Dar es Salaam. Parliament business was paralysed yesterday as the unfolding bribery scandal touching on some members of parliament deepened.
Lack of quorum hit some committees as absentee members piled pressure on Speaker Job Ndugai to open an internal investigation over the scandal.
Mr Ndugai’s move to reshuffle MPs across a number of committees also appeared to crack, with one dropped vice-chairman resigning from his new position.
It was a day of drama at the Bunge offices in Dar es Salaam where government bureaucrats failed to present their budgets review documents as MPs could not raise the requisite numbers.
The latest development came as Mr Ndugai and the head of the Prevention and Combating of Corruption Bureau (PCCB) Valentino Mlowola confirmed a sweeping investigation had been ordered into reports MPs solicited and received hefty bribes from several state agencies in return for favourable mention in their committee reports.
The confirmation came even as some of the MPs directly named in the saga came out to defend themselves against the allegations that were reportedly revealed in a secret report to the Speaker.
Yesterday Mr Mlowola told The Citizen in a telephone interview that the anti-graft body will interrogate all MPs who are implicated but refused to reveal their identity or number.
“Our work is to investigate all allegations related to corruption and therefore in this case we are investigating each of the MPs who have been mentioned,” said the PCCB director general.
Mr Mlowola noted that the probe has been extended to the state agencies whose officials have been accused of bribing the MPs billions of shillings. One of the dropped committee chairperson allegedly pocketed Sh8 million from the Energy and Water Regulatory Authority (Ewura).
The bribery reports emerged early in the week and forced Mr Ndugai to drop three committee chairpersons and two vice chairpersons and also reshuffled over 20 others.
The changes have however fueled the heat, with some MPs resigning their membership while calls to crack the whip against the implicated MPs also came from outside parliament.
Those who have resigned include Kigoma urban MP Zitto Kabwe (Act Wazalendo) and Hussein Bashe of Nzega (CCM) who have demanded a through parliamentary investigation.
Yesterday, the MP for Mbiga urban Mr Sixtus Mapunda (CCM) also wrote to the speaker protesting his removal as vice chairman of the Committee on Lands Natural Resources and Tourism. He declined his new membership in the Aids Committee.
In his letter, the MP said he was saddened that Mr Ndugai moved some MPs who have been accused of receiving bribes to other committees without investigating them. He said the tendency had ripped off various agencies for many years.
“As a leader I believe that the transfer of the MPs who have been accused of violating the law without investigating them is a continuation of the old system that are pulling down institutions. I will not want to see the parliament condoning this behaviour,” reads his letter to the Speaker.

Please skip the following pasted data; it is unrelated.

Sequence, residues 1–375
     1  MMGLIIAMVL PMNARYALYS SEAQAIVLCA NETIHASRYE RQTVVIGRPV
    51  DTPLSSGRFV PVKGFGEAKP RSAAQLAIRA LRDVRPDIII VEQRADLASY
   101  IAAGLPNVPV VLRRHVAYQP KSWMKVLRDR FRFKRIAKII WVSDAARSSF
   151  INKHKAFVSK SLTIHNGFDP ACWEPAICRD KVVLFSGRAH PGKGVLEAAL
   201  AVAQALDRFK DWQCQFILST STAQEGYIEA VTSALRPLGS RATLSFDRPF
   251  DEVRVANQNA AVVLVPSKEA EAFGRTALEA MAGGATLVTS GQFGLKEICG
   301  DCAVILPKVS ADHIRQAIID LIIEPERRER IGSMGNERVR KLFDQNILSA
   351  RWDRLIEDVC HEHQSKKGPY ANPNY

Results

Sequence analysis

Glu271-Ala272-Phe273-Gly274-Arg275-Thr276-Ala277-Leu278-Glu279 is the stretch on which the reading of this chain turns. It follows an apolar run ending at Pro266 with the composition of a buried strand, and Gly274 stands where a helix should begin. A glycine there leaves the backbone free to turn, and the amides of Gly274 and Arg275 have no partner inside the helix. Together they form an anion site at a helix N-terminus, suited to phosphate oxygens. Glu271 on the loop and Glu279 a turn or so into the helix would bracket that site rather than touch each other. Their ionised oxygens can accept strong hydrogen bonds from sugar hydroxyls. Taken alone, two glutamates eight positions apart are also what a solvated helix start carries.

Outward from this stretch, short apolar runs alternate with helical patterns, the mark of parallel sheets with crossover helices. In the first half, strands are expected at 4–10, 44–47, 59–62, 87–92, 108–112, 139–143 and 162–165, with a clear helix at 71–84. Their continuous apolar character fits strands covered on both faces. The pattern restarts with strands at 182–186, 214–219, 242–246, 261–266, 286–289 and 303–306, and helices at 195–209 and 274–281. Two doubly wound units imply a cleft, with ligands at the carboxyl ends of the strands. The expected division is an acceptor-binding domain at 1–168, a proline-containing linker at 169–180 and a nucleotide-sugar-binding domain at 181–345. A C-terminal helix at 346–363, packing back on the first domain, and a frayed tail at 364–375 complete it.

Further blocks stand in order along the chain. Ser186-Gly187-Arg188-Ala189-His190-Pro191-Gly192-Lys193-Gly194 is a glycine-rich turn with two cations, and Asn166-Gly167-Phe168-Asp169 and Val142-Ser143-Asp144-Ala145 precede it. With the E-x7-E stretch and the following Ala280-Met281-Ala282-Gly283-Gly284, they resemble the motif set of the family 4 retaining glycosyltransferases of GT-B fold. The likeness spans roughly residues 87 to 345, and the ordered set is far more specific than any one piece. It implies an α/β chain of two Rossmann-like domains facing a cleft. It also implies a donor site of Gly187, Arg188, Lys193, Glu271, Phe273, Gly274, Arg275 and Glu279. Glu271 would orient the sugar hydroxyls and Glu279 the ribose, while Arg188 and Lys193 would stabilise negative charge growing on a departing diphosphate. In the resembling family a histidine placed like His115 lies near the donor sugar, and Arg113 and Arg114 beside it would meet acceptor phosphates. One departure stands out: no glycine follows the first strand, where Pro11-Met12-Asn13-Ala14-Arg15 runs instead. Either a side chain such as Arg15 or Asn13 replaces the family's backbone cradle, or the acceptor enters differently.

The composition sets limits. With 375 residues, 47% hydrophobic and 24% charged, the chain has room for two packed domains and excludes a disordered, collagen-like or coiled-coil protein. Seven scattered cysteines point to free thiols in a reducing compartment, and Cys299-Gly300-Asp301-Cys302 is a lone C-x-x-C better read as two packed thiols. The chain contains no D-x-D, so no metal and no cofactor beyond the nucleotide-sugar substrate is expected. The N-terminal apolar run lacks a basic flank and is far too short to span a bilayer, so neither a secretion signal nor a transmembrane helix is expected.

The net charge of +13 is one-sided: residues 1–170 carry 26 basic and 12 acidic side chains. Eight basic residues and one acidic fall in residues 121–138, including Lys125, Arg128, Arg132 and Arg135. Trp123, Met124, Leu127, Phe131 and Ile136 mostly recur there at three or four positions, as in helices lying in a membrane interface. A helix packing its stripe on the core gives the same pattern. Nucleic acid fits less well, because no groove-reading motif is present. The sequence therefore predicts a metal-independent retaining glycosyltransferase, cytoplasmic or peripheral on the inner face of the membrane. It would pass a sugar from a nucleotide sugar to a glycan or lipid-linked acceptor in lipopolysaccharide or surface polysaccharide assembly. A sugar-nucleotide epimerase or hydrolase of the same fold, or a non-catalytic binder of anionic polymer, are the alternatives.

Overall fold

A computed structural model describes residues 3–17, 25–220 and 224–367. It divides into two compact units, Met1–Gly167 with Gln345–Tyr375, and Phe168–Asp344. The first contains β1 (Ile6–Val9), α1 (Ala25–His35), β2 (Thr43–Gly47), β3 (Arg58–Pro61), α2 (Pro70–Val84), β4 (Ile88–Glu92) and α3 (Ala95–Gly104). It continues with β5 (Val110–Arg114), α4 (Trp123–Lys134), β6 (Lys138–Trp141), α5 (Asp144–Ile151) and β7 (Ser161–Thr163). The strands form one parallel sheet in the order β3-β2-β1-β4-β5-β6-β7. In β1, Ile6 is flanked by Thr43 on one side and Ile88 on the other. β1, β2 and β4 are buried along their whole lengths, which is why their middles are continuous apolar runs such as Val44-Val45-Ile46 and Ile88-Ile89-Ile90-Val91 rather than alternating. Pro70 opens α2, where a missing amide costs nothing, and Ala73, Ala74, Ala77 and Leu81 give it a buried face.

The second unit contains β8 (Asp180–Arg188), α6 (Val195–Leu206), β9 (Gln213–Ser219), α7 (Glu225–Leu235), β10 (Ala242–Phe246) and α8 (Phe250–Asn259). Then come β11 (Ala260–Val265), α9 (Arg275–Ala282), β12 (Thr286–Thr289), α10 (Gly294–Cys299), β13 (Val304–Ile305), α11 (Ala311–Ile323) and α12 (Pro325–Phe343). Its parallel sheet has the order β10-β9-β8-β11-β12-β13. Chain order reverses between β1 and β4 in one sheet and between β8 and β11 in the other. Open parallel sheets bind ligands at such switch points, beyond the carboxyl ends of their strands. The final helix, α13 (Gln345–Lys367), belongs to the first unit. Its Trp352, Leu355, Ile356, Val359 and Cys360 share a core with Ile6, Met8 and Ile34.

Mr Mapunda said he has never been accused of receiving bribes, noting that should the investigation find him guilty, then he should be punished but should he be innocent then the speaker’s office should take responsibility to clean him.
In an interview with a local radio station yesterday, Mr Ndugai said he was surprised to receive resignation letters from MPs, saying he was yet to hear from them on what made them reach the decision. It was believed that up to two dozens of MPs have or will tender their resignations.
The Speaker said parliament does not carry out investigations against MPs as the mandate was left to other state organs.
“As parliament we do not carry out investigation against any MP but other state organs do and they are also not obliged to report to the Speaker,” Mr Ndugai said.
During Bunge business in the city yesterday, members of the Social Service and Community Development Committee failed to hold their sitting after most of its members failed to turn up.
The committee was expected to meet officials from the ministries of education, public service and the Prime Minister’s office. By 10am, less than eight members had showed up at the Millennium Towers where various committees are holding their meetings.
MPs Lucy Mlowe, Elly Macha, Susan Lyimo and Mr Kasuku Bilago urged speedy investigations to allow resumption of normal business.
They asked the speaker to issue a statement that would clear the dark cloud in the committee whose leadership was removed. It has also the highest number of members shuffled.
“But not all members have resigned and therefore we hope to resume meetings after directions from the Speaker,” said Ms Lyimo.
Mr Bilago called on relevant authorities to take actions against anyone found guilty.
Meanwhile ACT-Wazalendo party also called for thorough investigations into the scandal, saying all MPs found guilty should be taken to task.
The party’s chairman for parliamentary and local government committee Mr Yeremia Maganja told journalists at a press conference that the changes made by Mr Ndugai will not be sufficient to restore the image of the parliament.
“The parliament is a major institution representing the public interest and reports on corruption within has shown a big failure in the entity’s commitment to combat the vice,” he said.
The party, however commended its leader Mr Zitto Kabwe and Nzega MP Hussein Bashe for resigning to push for investigations.
Reported by Henry Mwangonde, Saumu Mwalimu and Alfred Zacharia.